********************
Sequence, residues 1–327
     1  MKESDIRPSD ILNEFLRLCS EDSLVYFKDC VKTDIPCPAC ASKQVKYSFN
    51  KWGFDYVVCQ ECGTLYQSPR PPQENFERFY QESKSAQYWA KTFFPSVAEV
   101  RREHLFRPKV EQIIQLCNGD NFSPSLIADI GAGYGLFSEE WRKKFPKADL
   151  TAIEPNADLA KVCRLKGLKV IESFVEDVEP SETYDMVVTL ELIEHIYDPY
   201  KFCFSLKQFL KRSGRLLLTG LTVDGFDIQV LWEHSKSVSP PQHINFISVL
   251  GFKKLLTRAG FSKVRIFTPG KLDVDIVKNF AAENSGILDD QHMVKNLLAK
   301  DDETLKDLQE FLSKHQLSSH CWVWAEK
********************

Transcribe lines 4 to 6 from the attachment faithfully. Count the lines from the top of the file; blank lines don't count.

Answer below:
   101  RREHLFRPKV EQIIQLCNGD NFSPSLIADI GAGYGLFSEE WRKKFPKADL
   151  TAIEPNADLA KVCRLKGLKV IESFVEDVEP SETYDMVVTL ELIEHIYDPY
   201  KFCFSLKQFL KRSGRLLLTG LTVDGFDIQV LWEHSKSVSP PQHINFISVL